Inequality and Unrest in Chile

Courtesy of

By Tanner Weigel, Editor-in-Chief and Staff Writer

Recent protests in Chile, especially in Valparaíso and Santiago, have exposed deep social rifts within a country that has otherwise been seen as an island of stability in the region. Originally sparked by increases in metro fares in the capital, continued protests have coalesced around much broader themes of general inequality in Chilean society. Of all OECD countries, Chile ranks as one of the worst for income inequality.

I lived in Santiago from 2011 to 2013, and I have followed the development of these protests closely. Santiago is by no means the only urban center with stark divides between the ultra rich and the abject poor. But I was still taken aback by how mansions hovered in the hills above some of the worst slum neighborhoods. Sleek high-rises and posh enclaves are really not that far from some of the poorest areas. However, a range of hills literally separates the majority of the wealthy northeast quadrant of the city from poorer areas.

During my time in Chile, I met people from across the socioeconomic spectrum, but mainly lived and worked in those areas that were least well off. It is not surprising to me that mass transit fares would have sparked the recent waves of protests, because so many of the working class have to travel long distances to reach their places of employment. And if you already face a meager salary, an increase in any aspect of cost of living is going to hurt. To be sure, though, transit costs are but one component of many pent-up grievances.

A sleek business district in Santiago, Chile. Courtesy of

With a high per-capita income, Chile has been held up as a success story for the neoliberal economic model. But this episode of protests (which were not entirely peaceful, nor necessarily organic according to one outlet) seems to presage a renewed emphasis on greater government intervention in and scrutiny of the marketplace.

From my experience on the ground, feelings of social and economic inequality are nearly palpable in the atmosphere of some of the neighborhoods I frequented, and solutions were no doubt lacking. But I fear that some responses to the protests will be far too simplistic.

For example, the New York Times editorial board writes that “the obvious path for Chile is for the government to spend more money improving the quality of life for a vast majority of Chileans, who are exposed to the vicissitudes of a market economy while being denied a sufficient share of the benefits.” The Times also quoted a Chilean business mogul who is willing to “spread the wealth more evenly.”

These sentiments appear to oversimplify the notion of inequality. The mere fact that someone in my country is really rich, for example (and even getting richer), does not automatically make me materially worse off. Furthermore, in an interview with the Wall Street Journal, Nobel laureate Angus Deaton commented that “inequality is partly a marker of success, so that if someone thinks of something, some new innovation that benefits us all, and the market works properly, they get richly rewarded for that. And that’s just terrific. And that creates inequality. So some of the greatest inequalities in the world have come from the greatest successes.”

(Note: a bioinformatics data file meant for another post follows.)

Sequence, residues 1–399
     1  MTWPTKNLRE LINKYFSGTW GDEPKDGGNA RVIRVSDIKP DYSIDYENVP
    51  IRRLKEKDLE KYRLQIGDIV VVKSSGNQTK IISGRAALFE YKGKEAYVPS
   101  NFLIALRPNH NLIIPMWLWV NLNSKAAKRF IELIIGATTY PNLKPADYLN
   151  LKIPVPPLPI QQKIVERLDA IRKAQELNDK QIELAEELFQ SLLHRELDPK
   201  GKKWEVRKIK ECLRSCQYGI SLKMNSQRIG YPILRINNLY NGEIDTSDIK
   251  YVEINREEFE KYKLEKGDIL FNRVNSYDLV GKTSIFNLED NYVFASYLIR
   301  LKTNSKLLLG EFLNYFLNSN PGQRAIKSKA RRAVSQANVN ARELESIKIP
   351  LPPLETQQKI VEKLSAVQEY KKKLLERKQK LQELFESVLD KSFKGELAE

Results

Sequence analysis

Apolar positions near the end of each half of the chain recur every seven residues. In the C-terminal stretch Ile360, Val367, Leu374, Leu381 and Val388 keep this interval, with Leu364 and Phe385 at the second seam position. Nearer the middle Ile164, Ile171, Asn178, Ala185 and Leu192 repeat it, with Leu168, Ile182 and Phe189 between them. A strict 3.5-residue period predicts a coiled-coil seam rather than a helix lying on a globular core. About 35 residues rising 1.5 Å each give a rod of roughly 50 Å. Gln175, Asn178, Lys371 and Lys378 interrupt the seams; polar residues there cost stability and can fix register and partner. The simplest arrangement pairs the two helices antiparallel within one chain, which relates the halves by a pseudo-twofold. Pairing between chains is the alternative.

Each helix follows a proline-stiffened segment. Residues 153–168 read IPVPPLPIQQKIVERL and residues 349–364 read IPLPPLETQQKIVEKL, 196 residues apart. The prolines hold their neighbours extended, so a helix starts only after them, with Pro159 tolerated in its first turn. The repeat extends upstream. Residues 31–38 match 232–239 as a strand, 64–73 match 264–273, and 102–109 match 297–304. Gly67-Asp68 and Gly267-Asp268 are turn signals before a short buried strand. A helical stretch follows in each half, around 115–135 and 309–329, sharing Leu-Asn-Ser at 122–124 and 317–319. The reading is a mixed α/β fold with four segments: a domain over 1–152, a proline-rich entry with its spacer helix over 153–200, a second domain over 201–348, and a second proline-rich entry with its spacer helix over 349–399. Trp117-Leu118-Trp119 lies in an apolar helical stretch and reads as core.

In addition, economist Anne Bradley argues that “rising incomes across all income groups (even if at different rates) is most often the sign of a vibrant economy where strangers are encouraged to serve each other and solve problems.”

Mass demonstrations in the center of Santiago. Courtesy of

The issue is not necessarily on the disparities of income, then, but whether the economic system allows those at the bottom to have opportunities to improve their lot in life (i.e., the mobility aspect of the equation). A really poor country might have very low income inequality. But would I rather live there, or try my hand at moving up in a more developed country with higher inequality, but more opportunity?

To be sure, inequality should (rightfully) cause anger when it is based on systems of exclusion. But to blame systemic problems solely on free markets is counterintuitive: exclusion is the antithesis of free markets! Markets are certainly imperfect, but it’s tiresome to constantly hold them up as the proverbial bogeyman.

Instead, as Anne Bradley again argues, systemic inequality persists (i.e., those from the bottom have no path to higher income categories) when “institutions, such as those that have persisted on Wall Street [in the U.S.], encourage cronyism.” You could probably add corruption to that list as well. In the same interview with the Wall Street Journal, Angus Deaton also cautions that inequality becomes a problem when the rich use their influence to manipulate the system.

So do governments, like in the case of Chile, need to do more to alleviate poverty and build a more robust social safety net? Probably. And I don’t want to diminish the sincerity of many of the protesters throughout the world who are tired of seeing elites using their power, wealth and influence to close doors to upward mobility for those at the bottom. But I do wish our debates about these issues were more nuanced. Markets and social conscience do not have to be mutually exclusive.

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